https://www.youtube.com/watch?v=pzciGVbPKQ0

that should get the kids interested in science

http://www.theguardian.com/news/2015/no ... -physicics

It is the biggest of problems, it is the smallest of problems. At present physicists have two separate rulebooks explaining how nature works. There is general relativity, which beautifully accounts for gravity and all of the things it dominates: orbiting planets, colliding galaxies, the dynamics of the expanding universe as a whole. That’s big. Then there is quantum mechanics, which handles the other three forces – electromagnetism and the two nuclear forces. Quantum theory is extremely adept at describing what happens when a uranium atom decays, or when individual particles of light hit a solar cell. That’s small.

Now for the problem: relativity and quantum mechanics are fundamentally different theories that have different formulations. It is not just a matter of scientific terminology; it is a clash of genuinely incompatible descriptions of reality.

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A basic assumption in Einstein’s physics – an assumption going all the way back to Aristotle, really – is that space is continuous and infinitely divisible, so that any distance could be chopped up into even smaller distances. But Hogan questions whether that is really true. Just as a pixel is the smallest unit of an image on your screen and a photon is the smallest unit of light, he argues, so there might be an unbreakable smallest unit of distance: a quantum of space.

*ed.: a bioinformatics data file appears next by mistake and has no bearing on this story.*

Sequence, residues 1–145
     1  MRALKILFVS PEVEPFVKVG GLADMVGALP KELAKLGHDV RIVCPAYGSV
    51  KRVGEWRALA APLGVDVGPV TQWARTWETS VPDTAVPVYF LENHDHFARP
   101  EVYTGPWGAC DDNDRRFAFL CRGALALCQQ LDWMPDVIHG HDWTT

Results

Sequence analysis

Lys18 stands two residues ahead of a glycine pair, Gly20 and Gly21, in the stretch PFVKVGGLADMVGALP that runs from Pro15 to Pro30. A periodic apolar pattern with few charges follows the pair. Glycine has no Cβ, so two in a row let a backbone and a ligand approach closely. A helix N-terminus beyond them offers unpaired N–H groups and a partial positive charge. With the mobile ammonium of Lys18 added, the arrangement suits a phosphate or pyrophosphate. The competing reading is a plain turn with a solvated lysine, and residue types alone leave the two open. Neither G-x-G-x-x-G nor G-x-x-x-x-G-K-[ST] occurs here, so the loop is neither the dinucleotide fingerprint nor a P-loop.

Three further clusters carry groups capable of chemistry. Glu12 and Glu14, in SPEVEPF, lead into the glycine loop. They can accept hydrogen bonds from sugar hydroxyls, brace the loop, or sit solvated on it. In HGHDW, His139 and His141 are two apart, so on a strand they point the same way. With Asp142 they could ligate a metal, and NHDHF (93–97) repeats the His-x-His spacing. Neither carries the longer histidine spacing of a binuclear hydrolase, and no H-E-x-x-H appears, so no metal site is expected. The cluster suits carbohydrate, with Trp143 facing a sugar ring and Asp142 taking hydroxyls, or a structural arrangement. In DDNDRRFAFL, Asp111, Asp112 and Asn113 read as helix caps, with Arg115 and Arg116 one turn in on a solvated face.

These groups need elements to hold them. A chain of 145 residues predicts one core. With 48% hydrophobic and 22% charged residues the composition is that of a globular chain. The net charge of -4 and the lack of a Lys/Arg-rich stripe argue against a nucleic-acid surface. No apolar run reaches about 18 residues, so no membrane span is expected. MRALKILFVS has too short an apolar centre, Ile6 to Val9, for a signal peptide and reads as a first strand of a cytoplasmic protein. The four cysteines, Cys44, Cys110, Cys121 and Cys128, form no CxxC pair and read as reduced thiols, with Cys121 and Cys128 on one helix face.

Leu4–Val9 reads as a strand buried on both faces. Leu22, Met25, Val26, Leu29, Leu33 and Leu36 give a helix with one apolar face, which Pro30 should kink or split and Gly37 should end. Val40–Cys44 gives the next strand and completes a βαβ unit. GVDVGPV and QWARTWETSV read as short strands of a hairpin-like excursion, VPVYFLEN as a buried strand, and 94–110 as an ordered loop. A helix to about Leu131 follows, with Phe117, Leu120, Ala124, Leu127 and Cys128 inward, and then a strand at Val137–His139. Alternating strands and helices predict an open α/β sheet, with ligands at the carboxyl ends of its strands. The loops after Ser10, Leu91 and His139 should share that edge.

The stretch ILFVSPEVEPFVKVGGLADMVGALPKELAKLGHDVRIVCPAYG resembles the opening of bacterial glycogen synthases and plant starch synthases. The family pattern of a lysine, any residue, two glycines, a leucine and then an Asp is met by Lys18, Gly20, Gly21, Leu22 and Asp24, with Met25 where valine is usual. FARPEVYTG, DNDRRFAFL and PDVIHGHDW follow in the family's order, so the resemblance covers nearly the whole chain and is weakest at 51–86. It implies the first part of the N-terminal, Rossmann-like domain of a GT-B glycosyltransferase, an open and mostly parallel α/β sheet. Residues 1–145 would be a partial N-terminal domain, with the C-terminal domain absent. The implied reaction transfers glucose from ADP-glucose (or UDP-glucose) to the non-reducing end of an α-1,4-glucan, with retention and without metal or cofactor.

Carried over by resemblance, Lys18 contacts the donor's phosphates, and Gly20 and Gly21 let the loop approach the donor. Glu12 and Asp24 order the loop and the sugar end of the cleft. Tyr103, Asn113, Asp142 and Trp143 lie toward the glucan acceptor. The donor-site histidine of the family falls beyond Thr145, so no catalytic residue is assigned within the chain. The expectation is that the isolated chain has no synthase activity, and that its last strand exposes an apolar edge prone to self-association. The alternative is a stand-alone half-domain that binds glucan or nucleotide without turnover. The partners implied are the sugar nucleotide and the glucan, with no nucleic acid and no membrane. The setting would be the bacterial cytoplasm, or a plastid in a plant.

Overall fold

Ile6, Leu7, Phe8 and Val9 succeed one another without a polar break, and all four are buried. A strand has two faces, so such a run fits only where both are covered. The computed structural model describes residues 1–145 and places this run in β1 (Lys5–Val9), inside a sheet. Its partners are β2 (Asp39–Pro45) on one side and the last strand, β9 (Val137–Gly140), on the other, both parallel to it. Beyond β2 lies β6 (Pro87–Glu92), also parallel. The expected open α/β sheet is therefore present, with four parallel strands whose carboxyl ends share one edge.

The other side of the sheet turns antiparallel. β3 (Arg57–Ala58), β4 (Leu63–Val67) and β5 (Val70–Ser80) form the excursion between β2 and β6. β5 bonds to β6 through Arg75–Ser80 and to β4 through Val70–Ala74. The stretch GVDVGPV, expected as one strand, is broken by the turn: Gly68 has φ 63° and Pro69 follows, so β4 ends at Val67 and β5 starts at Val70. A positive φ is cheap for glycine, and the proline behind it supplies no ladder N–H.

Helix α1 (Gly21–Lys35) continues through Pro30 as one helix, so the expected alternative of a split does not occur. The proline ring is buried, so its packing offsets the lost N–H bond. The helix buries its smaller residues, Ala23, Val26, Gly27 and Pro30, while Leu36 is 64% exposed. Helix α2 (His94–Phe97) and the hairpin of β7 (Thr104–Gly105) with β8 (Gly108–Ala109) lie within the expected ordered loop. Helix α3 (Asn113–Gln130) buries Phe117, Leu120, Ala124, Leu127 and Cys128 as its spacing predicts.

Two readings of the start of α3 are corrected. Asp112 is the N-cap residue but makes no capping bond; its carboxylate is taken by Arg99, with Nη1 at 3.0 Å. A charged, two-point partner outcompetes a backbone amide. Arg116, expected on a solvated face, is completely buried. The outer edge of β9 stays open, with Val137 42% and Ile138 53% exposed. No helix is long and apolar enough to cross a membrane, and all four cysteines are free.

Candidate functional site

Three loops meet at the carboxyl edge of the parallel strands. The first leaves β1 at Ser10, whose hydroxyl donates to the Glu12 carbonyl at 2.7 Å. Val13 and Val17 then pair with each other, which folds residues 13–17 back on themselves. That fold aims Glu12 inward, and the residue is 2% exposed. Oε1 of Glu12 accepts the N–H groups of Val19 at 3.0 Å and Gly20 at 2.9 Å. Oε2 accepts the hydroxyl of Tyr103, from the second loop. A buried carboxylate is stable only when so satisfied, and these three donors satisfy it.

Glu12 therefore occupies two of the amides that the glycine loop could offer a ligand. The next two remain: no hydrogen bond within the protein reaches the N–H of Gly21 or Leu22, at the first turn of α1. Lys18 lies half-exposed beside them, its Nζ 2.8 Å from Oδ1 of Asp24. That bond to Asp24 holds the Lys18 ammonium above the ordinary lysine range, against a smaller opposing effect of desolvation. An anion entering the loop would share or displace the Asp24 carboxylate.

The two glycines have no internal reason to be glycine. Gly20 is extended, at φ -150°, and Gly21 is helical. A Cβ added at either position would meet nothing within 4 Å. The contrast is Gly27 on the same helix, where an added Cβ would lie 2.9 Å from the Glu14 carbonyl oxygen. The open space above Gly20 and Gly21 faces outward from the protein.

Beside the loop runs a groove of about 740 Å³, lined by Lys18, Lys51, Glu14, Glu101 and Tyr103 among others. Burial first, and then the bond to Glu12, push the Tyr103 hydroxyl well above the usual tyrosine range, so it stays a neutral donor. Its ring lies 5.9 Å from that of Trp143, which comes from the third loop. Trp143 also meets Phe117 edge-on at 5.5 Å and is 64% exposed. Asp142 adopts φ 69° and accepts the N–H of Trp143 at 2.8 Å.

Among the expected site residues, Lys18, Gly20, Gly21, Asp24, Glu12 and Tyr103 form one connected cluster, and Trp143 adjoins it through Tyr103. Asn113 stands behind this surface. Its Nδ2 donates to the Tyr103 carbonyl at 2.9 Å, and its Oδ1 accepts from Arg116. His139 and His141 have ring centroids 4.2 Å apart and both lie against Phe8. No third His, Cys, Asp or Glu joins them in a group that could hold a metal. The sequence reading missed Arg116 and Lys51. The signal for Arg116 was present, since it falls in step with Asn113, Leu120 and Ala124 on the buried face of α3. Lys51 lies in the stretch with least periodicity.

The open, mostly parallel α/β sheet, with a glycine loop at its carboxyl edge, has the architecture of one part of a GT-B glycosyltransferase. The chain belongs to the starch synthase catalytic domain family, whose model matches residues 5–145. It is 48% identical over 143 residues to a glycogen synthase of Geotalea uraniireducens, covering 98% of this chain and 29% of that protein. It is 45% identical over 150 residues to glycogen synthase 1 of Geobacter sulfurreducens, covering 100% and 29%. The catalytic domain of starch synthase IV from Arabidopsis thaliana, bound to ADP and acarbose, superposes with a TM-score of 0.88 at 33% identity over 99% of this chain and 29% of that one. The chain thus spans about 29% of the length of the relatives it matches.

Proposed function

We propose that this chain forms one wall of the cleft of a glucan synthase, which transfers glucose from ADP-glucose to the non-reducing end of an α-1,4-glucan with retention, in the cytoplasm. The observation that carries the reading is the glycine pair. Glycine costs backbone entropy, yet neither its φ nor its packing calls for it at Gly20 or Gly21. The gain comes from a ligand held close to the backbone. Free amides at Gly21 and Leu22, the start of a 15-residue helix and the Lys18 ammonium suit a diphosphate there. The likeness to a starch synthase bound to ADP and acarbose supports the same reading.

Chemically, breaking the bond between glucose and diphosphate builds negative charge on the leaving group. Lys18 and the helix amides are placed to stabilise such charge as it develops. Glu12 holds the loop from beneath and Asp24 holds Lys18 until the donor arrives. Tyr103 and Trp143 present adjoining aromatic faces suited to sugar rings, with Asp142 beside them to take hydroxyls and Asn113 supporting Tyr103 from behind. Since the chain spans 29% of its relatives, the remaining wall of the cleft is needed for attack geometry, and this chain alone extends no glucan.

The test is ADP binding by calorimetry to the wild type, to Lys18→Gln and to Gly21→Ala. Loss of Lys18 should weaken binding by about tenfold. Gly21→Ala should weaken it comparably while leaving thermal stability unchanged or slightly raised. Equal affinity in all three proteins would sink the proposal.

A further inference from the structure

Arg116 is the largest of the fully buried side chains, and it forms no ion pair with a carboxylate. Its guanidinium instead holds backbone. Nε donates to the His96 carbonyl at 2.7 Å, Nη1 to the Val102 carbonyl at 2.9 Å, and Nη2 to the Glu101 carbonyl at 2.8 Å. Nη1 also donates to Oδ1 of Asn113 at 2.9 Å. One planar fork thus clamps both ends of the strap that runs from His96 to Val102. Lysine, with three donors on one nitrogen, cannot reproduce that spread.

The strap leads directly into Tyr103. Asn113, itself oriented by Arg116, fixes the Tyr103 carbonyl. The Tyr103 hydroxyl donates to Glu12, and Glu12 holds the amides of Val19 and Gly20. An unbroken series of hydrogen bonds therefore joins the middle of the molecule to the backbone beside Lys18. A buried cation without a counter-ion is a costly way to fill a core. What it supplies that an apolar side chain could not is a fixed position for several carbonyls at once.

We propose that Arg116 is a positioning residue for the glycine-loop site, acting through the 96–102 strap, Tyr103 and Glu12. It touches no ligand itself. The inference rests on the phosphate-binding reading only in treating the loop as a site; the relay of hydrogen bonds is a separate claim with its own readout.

In Hogan’s scenario, it would be meaningless to ask how gravity behaves at distances smaller than a single chunk of space. There would be no way for gravity to function at the smallest scales because no such scale would exist. Or put another way, general relativity would be forced to make peace with quantum physics, because the space in which physicists measure the effects of relativity would itself be divided into unbreakable quantum units. The theatre of reality in which gravity acts would take place on a quantum stage.

## Space is chunky

### an assumption going all the

Inspired by Mathis, I have made an experiment that proves something related to that chunkiness. Namely that the change of direction of motion cannot be continuous. In other words: the direction of motion cannot change more frequently than some minimum distance (or time) ...or the direction has to stay constant for a certain minimum distance.an assumption going all the way back to Aristotle, really – is that space is continuous and infinitely divisible, so that any distance could be chopped up into even smaller distances. But Hogan questions whether that is really true.

### What is the experiment?

What is the experiment? (Larson concurs; direction can only change at between units.)

Every dogma has its day...

### It is a mechanical experiment

It is a mechanical experiment showing, that uniform circular motion of a free mass cannot be caused by a pushing force directed towards the center of that circular path.

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